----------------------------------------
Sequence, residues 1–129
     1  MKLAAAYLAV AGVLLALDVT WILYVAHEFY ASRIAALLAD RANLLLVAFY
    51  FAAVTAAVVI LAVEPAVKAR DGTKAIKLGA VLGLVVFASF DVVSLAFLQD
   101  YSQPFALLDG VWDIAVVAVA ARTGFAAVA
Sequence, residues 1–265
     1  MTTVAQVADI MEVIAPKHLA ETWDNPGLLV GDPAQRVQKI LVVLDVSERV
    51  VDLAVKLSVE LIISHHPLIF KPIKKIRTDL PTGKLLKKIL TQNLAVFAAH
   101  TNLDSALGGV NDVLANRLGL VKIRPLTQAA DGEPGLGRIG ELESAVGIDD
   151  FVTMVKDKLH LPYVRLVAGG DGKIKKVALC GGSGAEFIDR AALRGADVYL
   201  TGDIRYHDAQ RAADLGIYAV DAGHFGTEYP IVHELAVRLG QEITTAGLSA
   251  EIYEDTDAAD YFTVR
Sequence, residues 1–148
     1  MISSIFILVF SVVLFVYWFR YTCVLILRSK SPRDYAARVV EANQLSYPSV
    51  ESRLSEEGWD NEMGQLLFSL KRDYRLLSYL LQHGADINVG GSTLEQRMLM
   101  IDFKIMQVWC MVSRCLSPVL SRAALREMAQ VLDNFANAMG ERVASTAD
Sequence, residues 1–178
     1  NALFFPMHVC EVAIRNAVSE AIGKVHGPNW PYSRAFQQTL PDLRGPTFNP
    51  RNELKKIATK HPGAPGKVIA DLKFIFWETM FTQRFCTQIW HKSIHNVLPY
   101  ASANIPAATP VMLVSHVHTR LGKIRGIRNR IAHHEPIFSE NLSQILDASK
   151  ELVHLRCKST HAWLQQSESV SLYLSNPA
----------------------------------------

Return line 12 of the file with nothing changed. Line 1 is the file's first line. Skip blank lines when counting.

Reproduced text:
Sequence, residues 1–148